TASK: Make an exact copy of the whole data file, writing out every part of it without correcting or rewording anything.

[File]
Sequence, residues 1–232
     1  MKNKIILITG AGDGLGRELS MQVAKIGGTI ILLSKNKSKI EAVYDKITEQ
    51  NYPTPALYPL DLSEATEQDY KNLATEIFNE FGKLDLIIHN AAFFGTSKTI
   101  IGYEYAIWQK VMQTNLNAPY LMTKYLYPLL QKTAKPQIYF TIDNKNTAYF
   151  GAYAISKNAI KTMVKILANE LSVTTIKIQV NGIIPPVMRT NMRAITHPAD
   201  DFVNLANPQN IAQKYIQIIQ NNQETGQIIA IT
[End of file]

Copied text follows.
Sequence, residues 1–232
     1  MKNKIILITG AGDGLGRELS MQVAKIGGTI ILLSKNKSKI EAVYDKITEQ
    51  NYPTPALYPL DLSEATEQDY KNLATEIFNE FGKLDLIIHN AAFFGTSKTI
   101  IGYEYAIWQK VMQTNLNAPY LMTKYLYPLL QKTAKPQIYF TIDNKNTAYF
   151  GAYAISKNAI KTMVKILANE LSVTTIKIQV NGIIPPVMRT NMRAITHPAD
   201  DFVNLANPQN IAQKYIQIIQ NNQETGQIIA IT